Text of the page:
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Until about a week ago, Ryutaro Nonomura was a relatively unknown prefectural assemblyman from Hyogo in Japan’s Kansai region. Name recognition is extremely important for politicians in Japan, where ballots often require voters to write in the name of the candidate they’re voting for, so under normal circumstances the fact that the whole country now knows who Nonomura is would be a major boon for his political career.

Unfortunately, “manically crying while responding to allegations of misuse of government funds” is anything but normal, but that’s exactly what has caused Nonomura’s sudden rise to fame. Aside from making citizens shake their heads at the conduct of public officials, Nonomura’s meltdown has caused people to both laugh and cringe.

And now, it’s ready to make them dance.

A talented musician recently used his guitar to replicate every sob, choke, and howl from Nonomura’s bizarre press conference. Things have since come full-circle, and this time, instead of using music to create the voice of the crying politician, his voice is being used to create music.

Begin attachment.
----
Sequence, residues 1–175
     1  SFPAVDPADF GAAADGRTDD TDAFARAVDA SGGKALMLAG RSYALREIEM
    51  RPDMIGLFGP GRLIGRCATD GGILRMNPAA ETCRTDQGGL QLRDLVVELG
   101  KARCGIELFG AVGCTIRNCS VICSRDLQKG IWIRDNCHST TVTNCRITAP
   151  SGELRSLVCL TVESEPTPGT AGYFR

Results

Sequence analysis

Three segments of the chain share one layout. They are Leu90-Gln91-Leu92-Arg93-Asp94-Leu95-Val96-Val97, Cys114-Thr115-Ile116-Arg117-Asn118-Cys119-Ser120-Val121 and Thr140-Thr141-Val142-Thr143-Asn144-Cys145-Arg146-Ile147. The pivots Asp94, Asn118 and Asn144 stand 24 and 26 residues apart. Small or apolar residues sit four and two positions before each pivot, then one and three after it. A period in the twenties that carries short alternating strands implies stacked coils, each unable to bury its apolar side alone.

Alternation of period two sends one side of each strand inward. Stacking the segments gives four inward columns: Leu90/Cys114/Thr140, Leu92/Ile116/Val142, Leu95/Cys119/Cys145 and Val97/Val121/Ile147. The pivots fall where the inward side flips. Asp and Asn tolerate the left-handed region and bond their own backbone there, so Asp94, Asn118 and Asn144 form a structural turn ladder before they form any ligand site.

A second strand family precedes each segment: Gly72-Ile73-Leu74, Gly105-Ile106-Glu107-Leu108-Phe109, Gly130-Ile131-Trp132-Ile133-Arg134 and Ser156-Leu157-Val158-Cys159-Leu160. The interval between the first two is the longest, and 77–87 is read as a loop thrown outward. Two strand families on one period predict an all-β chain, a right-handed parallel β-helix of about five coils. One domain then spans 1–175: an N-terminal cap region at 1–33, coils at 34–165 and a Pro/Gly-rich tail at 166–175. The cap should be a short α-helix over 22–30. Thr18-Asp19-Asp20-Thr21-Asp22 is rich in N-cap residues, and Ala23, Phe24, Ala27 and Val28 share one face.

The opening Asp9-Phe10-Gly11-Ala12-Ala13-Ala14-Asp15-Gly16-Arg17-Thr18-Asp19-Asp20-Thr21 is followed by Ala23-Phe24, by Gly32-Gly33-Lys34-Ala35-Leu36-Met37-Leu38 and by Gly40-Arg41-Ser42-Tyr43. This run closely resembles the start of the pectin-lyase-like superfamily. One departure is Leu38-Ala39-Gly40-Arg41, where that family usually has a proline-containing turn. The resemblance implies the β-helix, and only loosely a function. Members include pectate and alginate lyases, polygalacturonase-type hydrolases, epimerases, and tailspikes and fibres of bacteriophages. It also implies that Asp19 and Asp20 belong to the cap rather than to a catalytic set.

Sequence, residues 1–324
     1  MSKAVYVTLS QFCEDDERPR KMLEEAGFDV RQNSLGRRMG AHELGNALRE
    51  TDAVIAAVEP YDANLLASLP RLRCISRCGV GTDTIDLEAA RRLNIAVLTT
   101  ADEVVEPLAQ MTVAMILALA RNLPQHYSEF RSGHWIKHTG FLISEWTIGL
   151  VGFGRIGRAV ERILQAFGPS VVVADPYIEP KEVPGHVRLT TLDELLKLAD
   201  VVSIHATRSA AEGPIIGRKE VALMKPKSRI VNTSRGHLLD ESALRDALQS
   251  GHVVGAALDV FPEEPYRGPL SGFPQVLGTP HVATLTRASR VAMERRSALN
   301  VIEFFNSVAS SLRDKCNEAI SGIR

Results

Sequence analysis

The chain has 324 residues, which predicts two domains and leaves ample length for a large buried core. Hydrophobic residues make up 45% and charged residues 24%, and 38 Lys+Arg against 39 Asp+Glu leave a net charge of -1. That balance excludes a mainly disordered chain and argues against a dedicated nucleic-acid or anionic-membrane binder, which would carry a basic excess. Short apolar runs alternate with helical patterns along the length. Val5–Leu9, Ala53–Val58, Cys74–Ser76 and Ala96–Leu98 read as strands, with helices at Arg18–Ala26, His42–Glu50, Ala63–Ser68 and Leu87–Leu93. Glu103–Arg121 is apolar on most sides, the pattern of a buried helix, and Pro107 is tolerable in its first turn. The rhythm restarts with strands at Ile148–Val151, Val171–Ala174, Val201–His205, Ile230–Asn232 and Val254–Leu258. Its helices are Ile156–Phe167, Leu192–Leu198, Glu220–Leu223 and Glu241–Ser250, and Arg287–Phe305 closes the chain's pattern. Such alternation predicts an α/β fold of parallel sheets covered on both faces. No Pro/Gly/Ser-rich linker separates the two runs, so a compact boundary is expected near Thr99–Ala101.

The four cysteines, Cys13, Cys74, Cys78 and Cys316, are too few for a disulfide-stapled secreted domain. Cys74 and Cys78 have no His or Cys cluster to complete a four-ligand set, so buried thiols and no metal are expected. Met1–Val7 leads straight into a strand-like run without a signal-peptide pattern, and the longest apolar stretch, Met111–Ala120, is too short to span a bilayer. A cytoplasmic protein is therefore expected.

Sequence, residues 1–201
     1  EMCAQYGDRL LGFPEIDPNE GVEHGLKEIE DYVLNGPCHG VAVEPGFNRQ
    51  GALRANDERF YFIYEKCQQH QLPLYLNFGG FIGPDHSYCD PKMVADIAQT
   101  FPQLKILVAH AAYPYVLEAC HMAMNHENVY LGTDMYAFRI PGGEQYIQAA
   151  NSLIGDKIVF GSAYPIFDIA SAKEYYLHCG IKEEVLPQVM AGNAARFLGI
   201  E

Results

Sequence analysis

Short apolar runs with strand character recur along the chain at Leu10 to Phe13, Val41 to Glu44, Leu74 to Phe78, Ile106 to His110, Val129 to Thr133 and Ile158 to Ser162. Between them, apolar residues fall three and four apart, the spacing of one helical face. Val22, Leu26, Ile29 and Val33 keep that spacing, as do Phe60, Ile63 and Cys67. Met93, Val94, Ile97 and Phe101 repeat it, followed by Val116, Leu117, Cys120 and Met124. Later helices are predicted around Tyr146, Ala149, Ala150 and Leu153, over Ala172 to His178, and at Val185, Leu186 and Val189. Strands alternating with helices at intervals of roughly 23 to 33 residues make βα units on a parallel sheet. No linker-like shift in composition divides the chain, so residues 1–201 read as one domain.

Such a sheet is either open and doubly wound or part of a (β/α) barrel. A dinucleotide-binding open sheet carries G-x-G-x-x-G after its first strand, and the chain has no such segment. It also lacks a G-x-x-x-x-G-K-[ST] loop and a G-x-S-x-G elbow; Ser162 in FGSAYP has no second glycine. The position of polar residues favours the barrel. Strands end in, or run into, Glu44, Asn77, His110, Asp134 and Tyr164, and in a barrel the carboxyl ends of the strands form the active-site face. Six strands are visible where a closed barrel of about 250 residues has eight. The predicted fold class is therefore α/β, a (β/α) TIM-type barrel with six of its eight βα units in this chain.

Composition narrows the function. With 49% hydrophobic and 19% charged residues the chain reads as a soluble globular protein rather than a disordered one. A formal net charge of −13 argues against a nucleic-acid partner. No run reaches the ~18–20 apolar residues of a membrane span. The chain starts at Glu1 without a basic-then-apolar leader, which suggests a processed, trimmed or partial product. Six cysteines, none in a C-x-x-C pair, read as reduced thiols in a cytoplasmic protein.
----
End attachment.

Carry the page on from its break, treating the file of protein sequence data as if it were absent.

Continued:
Niconico Douga user Rin Ginsuke recently uploaded this dubstep version of the embattled Hyogo assemblyman’s speech, which has since made its way to YouTube. Aside from such fractured Nonomura quotes as “giin to shite/as an assemblyman,” and “yo no naka wo kaetai/I want to change the world,” the track of course makes use of prodigious sampling of the politician’s crying. Overlaid onto an aggressive beat, though, the shouting and wailing sounds less like Nonomura is giving into the despair of having his potential transgressions exposed, and more like he just stepped into the club and is totally amped.

Internet commentators have also been energized by Rin Ginsuke’s work.

“Pump it up!”
“Now he’s Technonomura.”
“Hyogo must be so proud.”

While Nonomura has yet to be convicted of any legal wrongdoing, it’s likely the fallout from his outburst has largely put the brakes on any ambitions he may have had of running for higher office. It’s common for Japanese statesmen to enter the private sector after they retire from civil service, though, and it looks like Nonomura may be able to parlay his notoriety into a career in the recording industry.

▼ He’s already working on his his “Everybody make some noise!” pose.

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Source: 9 Post, Niconico Douga
Top image: YouTube
Insert image: Girls Channel